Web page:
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It’s that time of the year. You know what I’m talking about. That stretch of days that run from the over-consumption of food period from Thanksgiving through Christmas and then into the New Year. Oh yeah, and don’t forget the extended football season that runs through the first week of January with all the Bowl Games. And of course, the NFL playoffs and then the Super Bowl in February. That’s over two months of food consumption. We all celebrate by entertaining and having parties with all kinds of food and sweet treats. I’ll admit it is a great time of the year: holidays with family and friends and championship football. I can get into the calorie hoarding aspect of it all (I’ll save that for another day) but we’re only going to talk about the sugar consumption right now.
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For more than 50 years, it has been clear that sugar is a major culprit in the development of dental decay (cavities). Restriction of sugar consumption to 10 percent or less of daily food intake could markedly reduce the incidence of tooth decay, which is the most prevalent noncommunicable disease worldwide.
However, reducing sugar intake is not a simple as cutting back on foods that obviously contain sugars, such as candy, soda and baked goods. This is because sugars are added to many foods that may not taste especially sweet. Sugars in the forms of fructose and corn syrup may be found in the ingredient listings for foods such as crackers, pastas, sauces, soups and more.
Becoming more aware of the presence of sugar in foods can make it easier to lower sugar consumption. In addition to decreasing the chances of developing dental decay, reduced sugar intake can lead to additional health benefits, including weight loss and lowered risk of developing chronic diseases. Removing sugar-laden foods from the diet also makes room for the addition of healthier and more nutritious foods, such as fresh fruits and vegetables.
Some of you may say that fruit has sugar in it, naturally. There is little evidence that fruit is an important factor in development of decay unless consumed excessively. Dried fruit, on the other hand, may be more cariogenic (decay causing) since the drying process releases free sugars. Fresh fruit appears to have a low ability to promote decay and even citrus fruits have not been found to cause tooth decay but may cause dental erosion, we’ll cover that another time). It’s important for us all to know that the more fresh fruit we consume instead of free sugars is likely to have a positive impact on decreasing dental decay.
Recommendations to Promote Good Oral and General Health
- Eat a healthy diet and follow the recommendations of the USDA.
- Eat sugars in the form of fresh fruits and vegetables.
- Limit free sugar intake to a maximum equivalent of 10 teaspoons per day (a can of soda contains over 6 teaspoons!).
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- Free sugars should be limited to a maximum of 4 times a day.
- Don’t snack on sugars between meals.
- Rinse your mouth with water or chew a piece of sugarless gum after eating if unable to brush (Gums, mints, sprays, etc. containing Xylitol; Xylitol actually stops the production of tooth-decay causing acid)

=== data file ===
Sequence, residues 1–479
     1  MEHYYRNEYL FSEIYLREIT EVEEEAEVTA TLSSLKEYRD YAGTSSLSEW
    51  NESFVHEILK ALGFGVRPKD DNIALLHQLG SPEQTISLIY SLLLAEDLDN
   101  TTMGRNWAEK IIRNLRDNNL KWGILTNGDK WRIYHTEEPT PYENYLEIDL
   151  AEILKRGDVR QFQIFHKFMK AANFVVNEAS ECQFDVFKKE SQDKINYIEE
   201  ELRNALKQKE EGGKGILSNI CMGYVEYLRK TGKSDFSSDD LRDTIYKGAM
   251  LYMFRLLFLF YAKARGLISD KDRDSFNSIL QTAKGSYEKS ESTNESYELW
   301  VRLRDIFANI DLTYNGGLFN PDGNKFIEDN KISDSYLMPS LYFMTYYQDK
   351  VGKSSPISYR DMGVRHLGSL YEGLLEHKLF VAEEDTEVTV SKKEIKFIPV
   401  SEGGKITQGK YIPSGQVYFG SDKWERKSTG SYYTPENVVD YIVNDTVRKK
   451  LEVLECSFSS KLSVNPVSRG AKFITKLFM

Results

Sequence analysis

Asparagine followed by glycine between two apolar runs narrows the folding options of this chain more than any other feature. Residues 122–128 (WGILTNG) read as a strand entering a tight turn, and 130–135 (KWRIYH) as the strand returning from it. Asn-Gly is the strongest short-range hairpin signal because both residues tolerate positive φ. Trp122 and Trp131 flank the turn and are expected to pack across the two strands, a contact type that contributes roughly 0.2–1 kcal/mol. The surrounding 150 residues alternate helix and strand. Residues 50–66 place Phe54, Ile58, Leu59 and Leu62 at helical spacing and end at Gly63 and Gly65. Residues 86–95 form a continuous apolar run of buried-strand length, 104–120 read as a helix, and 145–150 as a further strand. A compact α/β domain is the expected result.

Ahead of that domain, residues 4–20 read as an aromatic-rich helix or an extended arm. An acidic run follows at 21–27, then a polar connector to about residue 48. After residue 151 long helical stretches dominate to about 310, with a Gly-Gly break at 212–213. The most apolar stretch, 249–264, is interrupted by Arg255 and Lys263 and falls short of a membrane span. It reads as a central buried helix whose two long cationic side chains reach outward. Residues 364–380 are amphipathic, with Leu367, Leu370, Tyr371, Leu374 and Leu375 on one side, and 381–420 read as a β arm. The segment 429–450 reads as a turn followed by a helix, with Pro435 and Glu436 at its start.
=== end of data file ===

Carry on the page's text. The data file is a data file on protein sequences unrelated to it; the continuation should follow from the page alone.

- Ensure optimal fluoride levels in your drinking water.
- Promote adequate fluoride exposure via toothpaste, tablets or dentist recommended application.
- Brush with a fluoride toothpaste at least 2x day.
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- Do not eat for at least one hour before bedtime especially foods containing free sugars because low salivary flow rates during sleep reduce the ability to neutralize acid.
There are some other factors that protect against tooth decay. Consuming cheese following a sugary snack virtually abolishes the increase in acidity. Cheese stimulates saliva and is rich in calcium influencing the balance of recalcifying teeth and protecting against loss of calcium from the teeth. Cow’s milk contains lactose which is less acid producing the other sugars and therefore doesn’t promote decay as readily. In addition, cow’s milk also contains calcium, phosphorus and casein, all of which help stop decay. However, allowing your child to fall asleep with a bottle of milk at night has been known to cause Baby Bottle Decay. Human breast milk contains 7% lactose and is lower in calcium and phosphate. It can also, sometimes more readily, initiate decay especially in cases of very high frequency nighttime feeding and prolonged on demand feeding. Plant foods are fibrous and protect teeth by mechanically stimulating saliva. Peanuts and hard cheeses can also act the same way. Teas have been shown to have many health benefits (check out this post). The fluoride in black tea may also protect against decay.
Taking care of your teeth is essential if you want them to last a lifetime! And they should. Many people believe that as we age, it is normal to lose teeth. That is not true! Our teeth can remain with us until the day we depart this Earth if we take care of them. Limiting our intake of starchy, sugary foods and drinks can help us maintain optimal oral health and overall health. Remember, it is important to visit your dentist for preventive care.
*Disclaimer: The information in this post is for informational purposes only. Please seek advice from your own personal medical and/or dental professional.